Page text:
Alienation and Exile: In Le Clézio's Révolutions and Cheng's Le Dit de Tianyi
Dr Cecile Leung, Michelle Claire Chase.
J.M.G. Le Clézio’s new novel Révolutions explores a young man’s search for identity in a world of alienation, revolution, and war. This theme is also represented in François Cheng’s prize-winning novel Le Dit de Tianyi. The main characters in both novels find themselves exiled from their homes, searching for a way to control their own destinies.
For both Jean Marro and Tianyi there were two choices: to be the oppressor or the oppressed. However, they did not allow themselves to be trapped into these choices but set out to find an alternative. Searching for their own destiny proved to be uplifting for Jean and tragic for Tianyi. But in both cases the search was the focal experience of their life, an experience that defined their future.
Tianyi searched for his destiny in art and in communion with two close friends, an actress and a poet. Escaping the poverty of China, he traveled to Paris on a scholarship to study painting. When Tianyi encountered Western Art in Europe, he discovered that it exalted man at the expense of the cosmos. He later returned to Chinese painting when he found that it was a better presentation of the universal breath of life. Despite the terrors of Mao’s Cultural Revolution, Tianyi knew that his home and his destiny remained there. Returning to China and to the woman he loved did not bring Tianyi completeness. At the end of the narrative, Tianyi, a broken man, was nonetheless closer to fulfilling his destiny as he felt the presence of his two deceased friends within himself.
Jean Marro, a young French student at the beginning of Révolutions, felt alienated from his parents and society. While his fellow students were collecting literary “gems” i.e. quotations and proverbs, Jean collected newspaper clippings that listed the victims and attacks on both sides in the Algerian war of Independence. To understand the stark reality of the present, he looked into the past and set out in quest of the lost “Eden” of his family’s history. Reflecting persistently on history and the plight of the oppressed Jean finally found meaning in human relationships and memory.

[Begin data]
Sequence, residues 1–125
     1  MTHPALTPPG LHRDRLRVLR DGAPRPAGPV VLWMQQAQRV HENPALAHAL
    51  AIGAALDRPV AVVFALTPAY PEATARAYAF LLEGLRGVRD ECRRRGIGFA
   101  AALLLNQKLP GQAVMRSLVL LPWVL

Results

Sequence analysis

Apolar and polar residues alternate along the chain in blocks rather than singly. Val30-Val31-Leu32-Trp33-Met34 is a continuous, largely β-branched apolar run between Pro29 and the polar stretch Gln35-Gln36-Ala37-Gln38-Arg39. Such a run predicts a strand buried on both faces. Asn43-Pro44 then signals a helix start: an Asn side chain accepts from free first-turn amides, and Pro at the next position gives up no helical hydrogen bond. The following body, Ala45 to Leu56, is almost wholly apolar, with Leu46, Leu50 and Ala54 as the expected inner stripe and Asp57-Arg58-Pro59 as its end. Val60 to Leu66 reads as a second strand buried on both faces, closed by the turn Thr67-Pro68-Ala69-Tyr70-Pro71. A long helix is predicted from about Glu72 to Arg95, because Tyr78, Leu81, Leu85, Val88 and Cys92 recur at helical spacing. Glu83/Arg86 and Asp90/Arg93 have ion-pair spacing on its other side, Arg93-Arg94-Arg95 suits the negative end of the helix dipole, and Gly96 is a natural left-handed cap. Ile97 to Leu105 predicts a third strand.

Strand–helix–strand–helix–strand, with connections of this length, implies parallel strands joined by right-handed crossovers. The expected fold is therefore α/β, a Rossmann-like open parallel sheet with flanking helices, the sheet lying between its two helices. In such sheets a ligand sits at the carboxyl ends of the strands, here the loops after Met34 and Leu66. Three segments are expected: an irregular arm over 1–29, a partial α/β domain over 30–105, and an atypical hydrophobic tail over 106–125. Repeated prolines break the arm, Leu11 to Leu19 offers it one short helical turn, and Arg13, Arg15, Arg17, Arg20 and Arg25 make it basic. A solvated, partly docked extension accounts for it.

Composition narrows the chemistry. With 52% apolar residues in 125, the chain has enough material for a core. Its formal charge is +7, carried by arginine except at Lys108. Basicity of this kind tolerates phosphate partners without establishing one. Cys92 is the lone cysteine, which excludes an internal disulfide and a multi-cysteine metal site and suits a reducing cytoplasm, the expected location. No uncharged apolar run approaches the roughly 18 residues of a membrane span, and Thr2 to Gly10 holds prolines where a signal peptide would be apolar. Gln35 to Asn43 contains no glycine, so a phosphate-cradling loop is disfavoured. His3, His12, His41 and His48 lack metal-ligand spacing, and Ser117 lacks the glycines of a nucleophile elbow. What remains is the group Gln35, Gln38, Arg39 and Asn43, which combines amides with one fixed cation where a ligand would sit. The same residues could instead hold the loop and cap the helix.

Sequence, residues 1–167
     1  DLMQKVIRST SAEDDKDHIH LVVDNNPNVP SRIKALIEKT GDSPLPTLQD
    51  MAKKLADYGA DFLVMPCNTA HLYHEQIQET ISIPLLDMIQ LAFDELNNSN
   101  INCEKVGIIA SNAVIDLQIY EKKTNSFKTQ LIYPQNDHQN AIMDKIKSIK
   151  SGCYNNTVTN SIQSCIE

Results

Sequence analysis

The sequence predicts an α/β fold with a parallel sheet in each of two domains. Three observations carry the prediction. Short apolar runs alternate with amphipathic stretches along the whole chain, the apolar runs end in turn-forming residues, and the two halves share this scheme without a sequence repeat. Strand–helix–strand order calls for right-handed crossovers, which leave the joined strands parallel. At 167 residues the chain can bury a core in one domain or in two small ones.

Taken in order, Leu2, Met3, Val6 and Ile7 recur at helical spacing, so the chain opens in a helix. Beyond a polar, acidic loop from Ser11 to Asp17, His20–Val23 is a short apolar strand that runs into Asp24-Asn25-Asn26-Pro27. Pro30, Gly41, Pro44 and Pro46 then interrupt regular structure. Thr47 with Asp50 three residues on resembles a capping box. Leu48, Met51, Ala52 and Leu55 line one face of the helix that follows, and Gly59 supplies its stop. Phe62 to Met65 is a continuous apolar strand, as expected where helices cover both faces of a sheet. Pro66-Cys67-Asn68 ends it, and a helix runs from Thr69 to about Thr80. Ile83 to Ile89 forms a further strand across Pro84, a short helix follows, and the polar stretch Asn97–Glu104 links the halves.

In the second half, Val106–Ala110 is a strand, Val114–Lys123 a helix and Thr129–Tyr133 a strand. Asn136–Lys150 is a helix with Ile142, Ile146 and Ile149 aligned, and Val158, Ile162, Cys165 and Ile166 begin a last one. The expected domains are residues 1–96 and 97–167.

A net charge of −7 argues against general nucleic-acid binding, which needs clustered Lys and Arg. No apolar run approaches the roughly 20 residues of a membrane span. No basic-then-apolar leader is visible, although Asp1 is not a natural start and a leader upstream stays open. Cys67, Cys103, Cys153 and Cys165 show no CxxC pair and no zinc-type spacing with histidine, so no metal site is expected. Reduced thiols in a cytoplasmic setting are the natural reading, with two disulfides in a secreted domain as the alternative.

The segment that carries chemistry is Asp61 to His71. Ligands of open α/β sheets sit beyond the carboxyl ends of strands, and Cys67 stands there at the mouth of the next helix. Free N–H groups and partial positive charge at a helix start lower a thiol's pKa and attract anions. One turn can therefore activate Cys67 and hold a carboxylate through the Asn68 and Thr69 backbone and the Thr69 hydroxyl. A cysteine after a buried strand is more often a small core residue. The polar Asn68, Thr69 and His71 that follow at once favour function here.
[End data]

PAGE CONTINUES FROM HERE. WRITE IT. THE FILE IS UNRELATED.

It is in presenting these novels to students that we will show them the value of studying the humanities. While exploring these stories, students will investigate their own experiences, as victims, as exiles, and as members of a society in which they should create their own destinies. The humanities, which enable the incarnation of a Jean Marro and of a Tianyi, in some sense legitimize the exploration and the search for an alternative way of interpreting human destiny. The humanities thus find ways to enlighten contemporary readers confronted by a world in which the focus is on ends, financial or political, at the cost of losing one’s humaneness.
Dr Cecile Leung (United States)
Associate Professor of French
Department of Classical and Modern Languages
I was born of Chinese Immigrants on Mauritius Island where I received a bilingual secondary education, a fact which explains my two fields of interest: Francophone Literature and Sinology. I lived for some time in France as well as in Taiwan where I taught French. I am currently Associate Professor of French at Winthrop University, USA. I hold a Ph.D. in Comparative Literature from the U. of Chicago. My book on Etienne Fourmont (1683-1745), a French proto-sinologist, published by the Leuven University Press, Belgium, 2002, was awarded the Ikuo Hirayama Prize by the Académie des Inscriptions et Belles-Lettres, Institut de France, Paris, in June 2003. I have some other published articles on Francophone literature. I teach language and literature and I constantly remind my students that the Humanities "save the soul of the world" though they are not given priority in our institutions. I firmly believe that medical students, engineering and business majors should be given a strong background ih the Humanities to prepare them for their career in contemporary society.
Michelle Claire Chase (United States)
Person as Subject
(30 min. Conference Paper, English)